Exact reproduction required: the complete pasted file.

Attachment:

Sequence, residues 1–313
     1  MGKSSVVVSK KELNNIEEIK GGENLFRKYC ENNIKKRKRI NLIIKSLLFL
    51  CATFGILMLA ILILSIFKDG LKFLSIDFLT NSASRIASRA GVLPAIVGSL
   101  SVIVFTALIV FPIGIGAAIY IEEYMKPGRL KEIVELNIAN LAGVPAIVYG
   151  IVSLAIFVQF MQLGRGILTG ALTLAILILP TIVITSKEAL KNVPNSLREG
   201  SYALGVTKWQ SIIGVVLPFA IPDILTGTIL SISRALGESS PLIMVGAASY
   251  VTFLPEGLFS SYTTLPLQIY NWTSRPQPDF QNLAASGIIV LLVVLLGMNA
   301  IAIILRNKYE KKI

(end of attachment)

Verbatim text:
Sequence, residues 1–313
     1  MGKSSVVVSK KELNNIEEIK GGENLFRKYC ENNIKKRKRI NLIIKSLLFL
    51  CATFGILMLA ILILSIFKDG LKFLSIDFLT NSASRIASRA GVLPAIVGSL
   101  SVIVFTALIV FPIGIGAAIY IEEYMKPGRL KEIVELNIAN LAGVPAIVYG
   151  IVSLAIFVQF MQLGRGILTG ALTLAILILP TIVITSKEAL KNVPNSLREG
   201  SYALGVTKWQ SIIGVVLPFA IPDILTGTIL SISRALGESS PLIMVGAASY
   251  VTFLPEGLFS SYTTLPLQIY NWTSRPQPDF QNLAASGIIV LLVVLLGMNA
   301  IAIILRNKYE KKI